Boyd argues that the sentencing court lacked the authority to impose a fine without first determining, from evidence of record, that he had the ability to pay the fine. Therefore, Boyd's argument continues, his claim is one that implicates the legality of the sentence and is therefore immune to waiver. In support, Boyd cites to language contained in the lead opinion for the Pennsylvania Supreme Court's decision in Foster.

In Foster, the Supreme Court was asked to review this Court's decision to vacate a mandatory minimum sentence. In particular, the Supreme Court was required to review the predicate conclusion that a challenge to the imposition of a mandatory minimum sentence that was still within statutory guidelines constituted a non-waivable challenge to the legality of the sentence. See Foster, 609 Pa. at 505, 17 A.3d at 334.

It is true that the Supreme Court unanimously affirmed this Court's vacation of the mandatory minimum sentence. However, it is equally true that no single rationale for the vacation of the sentence garnered the support of a majority of the Justices. The lead opinion was authored by Justice Baer, and joined by Justices Todd and McCaffery. The lead opinion states that the legality of the sentence imposed is

only implicated when a sentencing court's inherent, discretionary authority to wield its statutorily prescribed sentencing powers is supplanted, abrogated, or otherwise limited, or the legislature's intent in fashioning a sentence has been potentially misapplied. In our view, there is little doubt that when a sentencing court has no alternative but to impose a certain minimum sentence, its authority to act has been infringed upon. Thus, under this Commonwealth's jurisprudence, any challenge thereunder must relate to a sentence's legality.

Foster, 609 Pa. at 522, 17 A.3d at 344-345.

Under this reasoning, it is arguable that Boyd's claim on appeal implicates the legality of his sentence. Section 9726(c)(1) clearly limits the sentencing court's power to impose fines; the court is prohibited from imposing a fine unless the record indicates that the defendant will be able to pay the fine. See 42 PA.CONS.STAT.ANN. § 9726(c)(1). The sentencing court's authority to impose a fine has therefore been limited by the legislature. Under the reasoning quoted from the lead opinion in Foster, a claim that the record does not indicate that Boyd will be able to pay the fine is one that implicates the legality of the sentence and is therefore not subject to waiver.

As noted above, however, the lead opinion in Foster did not receive the support of a majority of the Justices. Three separate concurring opinions were penned, cumulatively receiving the votes of the remaining four Justices. A close reading of the three concurring opinions reveals that the lead opinion's reasoning was rejected by a majority of the Court.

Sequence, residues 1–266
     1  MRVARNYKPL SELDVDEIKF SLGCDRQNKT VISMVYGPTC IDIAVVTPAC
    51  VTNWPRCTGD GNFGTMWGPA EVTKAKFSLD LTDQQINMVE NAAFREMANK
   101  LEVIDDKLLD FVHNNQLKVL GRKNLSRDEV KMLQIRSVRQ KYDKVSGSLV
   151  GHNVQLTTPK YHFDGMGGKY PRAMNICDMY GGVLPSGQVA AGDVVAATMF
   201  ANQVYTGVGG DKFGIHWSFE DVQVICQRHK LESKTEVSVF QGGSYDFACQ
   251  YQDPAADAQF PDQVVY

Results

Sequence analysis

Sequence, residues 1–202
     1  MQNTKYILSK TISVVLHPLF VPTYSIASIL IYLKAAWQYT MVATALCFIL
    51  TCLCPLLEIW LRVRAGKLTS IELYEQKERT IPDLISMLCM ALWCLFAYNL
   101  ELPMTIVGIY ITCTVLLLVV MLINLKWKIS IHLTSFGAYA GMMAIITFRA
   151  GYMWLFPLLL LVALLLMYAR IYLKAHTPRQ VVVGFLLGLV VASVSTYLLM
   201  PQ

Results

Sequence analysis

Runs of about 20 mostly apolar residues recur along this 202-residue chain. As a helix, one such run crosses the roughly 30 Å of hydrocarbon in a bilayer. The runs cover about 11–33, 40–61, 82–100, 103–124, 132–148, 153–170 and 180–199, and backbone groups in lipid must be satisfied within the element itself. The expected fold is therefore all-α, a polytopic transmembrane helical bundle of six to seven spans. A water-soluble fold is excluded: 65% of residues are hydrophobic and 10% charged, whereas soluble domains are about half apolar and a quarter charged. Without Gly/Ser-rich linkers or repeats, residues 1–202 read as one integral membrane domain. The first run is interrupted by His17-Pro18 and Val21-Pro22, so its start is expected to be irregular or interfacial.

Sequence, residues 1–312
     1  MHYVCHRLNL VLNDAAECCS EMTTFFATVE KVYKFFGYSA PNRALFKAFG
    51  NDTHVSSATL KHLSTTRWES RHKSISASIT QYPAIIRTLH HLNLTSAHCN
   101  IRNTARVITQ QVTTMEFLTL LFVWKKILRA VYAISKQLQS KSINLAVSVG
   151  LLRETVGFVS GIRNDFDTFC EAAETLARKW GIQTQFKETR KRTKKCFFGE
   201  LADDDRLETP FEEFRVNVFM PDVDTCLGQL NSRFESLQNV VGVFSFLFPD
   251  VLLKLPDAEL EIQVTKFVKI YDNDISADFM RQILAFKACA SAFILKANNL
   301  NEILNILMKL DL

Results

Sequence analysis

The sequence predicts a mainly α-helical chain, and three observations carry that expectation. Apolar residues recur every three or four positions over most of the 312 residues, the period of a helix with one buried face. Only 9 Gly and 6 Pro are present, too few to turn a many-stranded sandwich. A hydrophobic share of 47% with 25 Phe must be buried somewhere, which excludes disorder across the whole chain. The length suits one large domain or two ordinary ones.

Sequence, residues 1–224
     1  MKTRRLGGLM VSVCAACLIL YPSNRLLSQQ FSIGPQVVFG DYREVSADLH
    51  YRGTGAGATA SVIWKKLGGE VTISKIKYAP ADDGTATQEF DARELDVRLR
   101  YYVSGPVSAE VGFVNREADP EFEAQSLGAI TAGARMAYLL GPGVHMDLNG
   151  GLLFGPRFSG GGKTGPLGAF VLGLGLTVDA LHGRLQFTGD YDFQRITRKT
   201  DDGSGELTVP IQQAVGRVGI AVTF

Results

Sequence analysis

Chief Justice Castille authored a concurring opinion, joined by former Justice Orie Melvin, that is critical of the reasoning employed by the lead opinion: "The difficulty here is that, to make the case fit within its paradigm, the lead Justices adopt an overly broad rule redefining the concept of 'illegal sentence.'" Foster, 609 Pa. at 526, 17 A.3d at 347. Chief Justice Castille's opinion expresses doubt that the discretionary versus legality dichotomy is appropriate to deal with all possible sentencing claims. See id., 609 Pa. at 531, 17 A.3d at 350. Instead, the concurrence would reserve the label of "legality" for claims that are "obvious, undeniable, and capable of even administration, so much so that the claim may be raised sua sponte." Id., 609 Pa. at 534, 17 A.3d at 352. Instead of applying the dichotomy mechanistically, Chief Justice Castille's concurring opinion favors "an approach that would weigh the nature and gravity of the substantive sentencing claim against the values served by the specific normative default principle (here, issue preservation) at issue." Id., 609 Pa. at 535, 17 A.3d at 352. Thus, it is clear that Chief Justice Castille and Justice Orie Melvin do not agree with the reasoning employed by the lead opinion.

Justice Saylor authored a second concurring opinion, in which he states:

To the degree [the lead opinion] reflects that review of legality-of-sentence claims has been made available in limited categories of cases beyond those involving claims that sentences exceeded statutory maximums – despite non-adherence to ordinary principles of issue preservation and presentation – I support its reasoning and holding.
To the extent, however, the lead opinion conceives a rule of general application and/or sanctions, as the reviewability litmus, application of the dichotomy between claims of legal error and discretionary aspects of sentencing … I hold a different view similar to that of Mr. Chief Justice Castille.